Annoyingly, the shortcut works only when your screen is on — and it works only one way and won't toggle your sound back from silent into the "on" position. If the shortcut doesn't work for you, look for the line labeled "Shortcut to prevent ringing" in the Sound section of your system settings. That'll also let you switch the shortcut between silencing and vibrating, depending on your preference. Android's split-screen command for viewing two apps on screen at the same time is a bit tough to find as of the Pie release: You first have to open the Overview interface, then tap the icon of the app you want and select "Split screen" from the menu that appears.
That's significantly more steps than the old method of simply long-pressing the classic Overview key to get started. Fear not, though, for there's a fix: If you find yourself using split-screen mode frequently, download the free Split Screen Shortcut app.
It'll let you create a command for activating split-screen mode in a variety of single-step ways — by long-pressing your Back button, creating a custom Quick Settings tile, or even adding a new function-specific button into your device's navigation bar.
Provided your phone has a traditional i.
Top 10 Best Android Auto Tips & Tricks – Every User Should Know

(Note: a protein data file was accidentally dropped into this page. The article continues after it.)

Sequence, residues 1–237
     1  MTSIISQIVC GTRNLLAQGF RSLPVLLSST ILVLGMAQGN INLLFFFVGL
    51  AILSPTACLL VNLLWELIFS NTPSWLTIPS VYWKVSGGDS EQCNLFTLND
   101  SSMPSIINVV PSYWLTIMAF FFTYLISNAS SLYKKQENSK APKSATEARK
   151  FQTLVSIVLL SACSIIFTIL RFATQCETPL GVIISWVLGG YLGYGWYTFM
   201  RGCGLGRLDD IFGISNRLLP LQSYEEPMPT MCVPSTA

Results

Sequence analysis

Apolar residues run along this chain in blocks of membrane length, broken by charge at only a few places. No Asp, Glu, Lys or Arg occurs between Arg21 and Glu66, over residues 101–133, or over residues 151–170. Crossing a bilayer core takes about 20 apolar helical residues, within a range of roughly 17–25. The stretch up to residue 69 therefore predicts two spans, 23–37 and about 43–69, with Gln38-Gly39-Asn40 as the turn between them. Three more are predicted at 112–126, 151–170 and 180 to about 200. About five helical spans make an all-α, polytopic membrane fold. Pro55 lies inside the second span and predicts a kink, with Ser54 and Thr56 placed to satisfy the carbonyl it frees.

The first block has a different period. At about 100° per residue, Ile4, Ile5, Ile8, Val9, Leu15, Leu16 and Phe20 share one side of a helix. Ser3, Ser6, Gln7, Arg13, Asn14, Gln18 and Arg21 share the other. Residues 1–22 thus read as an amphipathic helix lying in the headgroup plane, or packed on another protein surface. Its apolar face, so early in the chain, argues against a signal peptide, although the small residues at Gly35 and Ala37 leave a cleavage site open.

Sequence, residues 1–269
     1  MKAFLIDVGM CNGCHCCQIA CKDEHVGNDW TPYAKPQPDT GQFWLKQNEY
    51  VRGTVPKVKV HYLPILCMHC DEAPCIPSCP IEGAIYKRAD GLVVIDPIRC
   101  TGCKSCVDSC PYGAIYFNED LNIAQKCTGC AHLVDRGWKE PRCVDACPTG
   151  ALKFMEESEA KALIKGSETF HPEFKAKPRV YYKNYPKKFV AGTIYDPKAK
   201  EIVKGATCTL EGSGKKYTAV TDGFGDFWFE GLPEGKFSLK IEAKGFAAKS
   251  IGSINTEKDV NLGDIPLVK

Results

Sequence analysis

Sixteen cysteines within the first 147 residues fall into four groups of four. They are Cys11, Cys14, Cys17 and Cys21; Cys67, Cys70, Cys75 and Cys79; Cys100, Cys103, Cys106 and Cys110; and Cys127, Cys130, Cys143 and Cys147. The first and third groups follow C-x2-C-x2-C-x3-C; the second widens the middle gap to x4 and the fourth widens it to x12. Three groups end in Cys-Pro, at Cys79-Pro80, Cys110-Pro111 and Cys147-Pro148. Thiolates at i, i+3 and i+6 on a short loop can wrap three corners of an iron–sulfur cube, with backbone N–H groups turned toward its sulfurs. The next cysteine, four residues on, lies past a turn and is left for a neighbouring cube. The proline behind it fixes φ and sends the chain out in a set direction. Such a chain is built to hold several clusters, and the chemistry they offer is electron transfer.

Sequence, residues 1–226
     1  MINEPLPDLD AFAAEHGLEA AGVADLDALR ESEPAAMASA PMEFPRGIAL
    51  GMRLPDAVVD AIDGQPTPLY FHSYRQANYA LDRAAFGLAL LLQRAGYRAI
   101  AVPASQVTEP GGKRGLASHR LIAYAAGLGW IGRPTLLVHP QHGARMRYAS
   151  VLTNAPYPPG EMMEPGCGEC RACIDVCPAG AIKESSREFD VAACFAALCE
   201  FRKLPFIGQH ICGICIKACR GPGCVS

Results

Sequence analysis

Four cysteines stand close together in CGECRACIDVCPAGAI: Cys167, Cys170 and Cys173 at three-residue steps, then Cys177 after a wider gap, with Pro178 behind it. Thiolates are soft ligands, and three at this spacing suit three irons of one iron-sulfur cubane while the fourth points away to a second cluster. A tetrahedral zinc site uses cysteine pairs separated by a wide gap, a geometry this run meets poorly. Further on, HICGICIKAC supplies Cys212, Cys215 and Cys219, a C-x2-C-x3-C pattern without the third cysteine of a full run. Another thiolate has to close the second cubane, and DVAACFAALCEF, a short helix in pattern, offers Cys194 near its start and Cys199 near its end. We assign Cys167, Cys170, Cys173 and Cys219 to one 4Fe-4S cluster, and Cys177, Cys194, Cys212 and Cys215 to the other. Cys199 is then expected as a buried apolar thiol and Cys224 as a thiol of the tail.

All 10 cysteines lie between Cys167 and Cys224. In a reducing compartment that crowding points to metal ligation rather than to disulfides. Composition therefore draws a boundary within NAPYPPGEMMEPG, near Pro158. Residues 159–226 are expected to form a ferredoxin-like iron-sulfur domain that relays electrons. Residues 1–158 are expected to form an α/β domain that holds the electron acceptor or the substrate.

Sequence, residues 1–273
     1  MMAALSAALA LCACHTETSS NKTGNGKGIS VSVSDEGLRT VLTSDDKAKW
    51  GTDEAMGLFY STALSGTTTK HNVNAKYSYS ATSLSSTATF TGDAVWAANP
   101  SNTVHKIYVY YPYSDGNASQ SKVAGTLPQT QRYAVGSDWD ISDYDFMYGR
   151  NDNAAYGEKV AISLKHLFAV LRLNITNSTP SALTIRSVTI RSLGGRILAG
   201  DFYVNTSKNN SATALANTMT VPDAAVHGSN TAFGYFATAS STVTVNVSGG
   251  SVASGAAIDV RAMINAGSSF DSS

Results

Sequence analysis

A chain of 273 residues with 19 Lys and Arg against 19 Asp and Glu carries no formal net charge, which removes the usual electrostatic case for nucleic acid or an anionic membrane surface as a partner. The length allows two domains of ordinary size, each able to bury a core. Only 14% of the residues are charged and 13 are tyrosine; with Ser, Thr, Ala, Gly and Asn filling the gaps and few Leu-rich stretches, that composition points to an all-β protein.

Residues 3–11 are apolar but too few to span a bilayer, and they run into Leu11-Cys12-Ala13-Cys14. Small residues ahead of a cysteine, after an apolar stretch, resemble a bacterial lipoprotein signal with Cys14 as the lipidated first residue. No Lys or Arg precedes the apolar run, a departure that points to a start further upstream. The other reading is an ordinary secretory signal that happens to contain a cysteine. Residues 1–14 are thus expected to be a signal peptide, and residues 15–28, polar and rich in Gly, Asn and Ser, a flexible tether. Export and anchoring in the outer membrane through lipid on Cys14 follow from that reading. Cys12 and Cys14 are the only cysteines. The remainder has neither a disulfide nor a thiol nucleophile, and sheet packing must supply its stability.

While your notification panel is open, you can tap the clock in the upper-left corner of the screen to jump directly to your Clock app and manage your alarms.
When an alarm is set, swipe down twice from the top of your screen and look above the brightness slider to see it. Want to check on your battery status? With the notification panel open, tap the battery icon in the upper-right corner of the screen to hop right into your phone's full stamina summary. Speaking of battery stats, if you're looking for detailed info about which apps are using up your phone's power, that data has moved to a curiously tucked-away location as of Pie — but it is still present : From the Battery section of your system settings the same screen you see after tapping the battery icon in your notification paneltap the three-dot menu icon in the upper-right corner and then select "Battery usage.
Track down the "Battery usage" option within Pie, and you can see detailed stats about exactly which apps are burning through your phone's power. Pie presents two options for making fast adjustments to your notification settings: You can long-press on any notification to get quick commands for disabling or configuring the associated app's alert-sending ability — or you can tap the "Manage notifications" text at the bottom of your notification panel to jump directly to the "App notifications" area of your system settings.We all know it's downright dangerous to use our smartphones while driving, but that's an annoying limitation when they hold so much useful stuff: maps, traffic alerts, music, incoming messages from the group chat.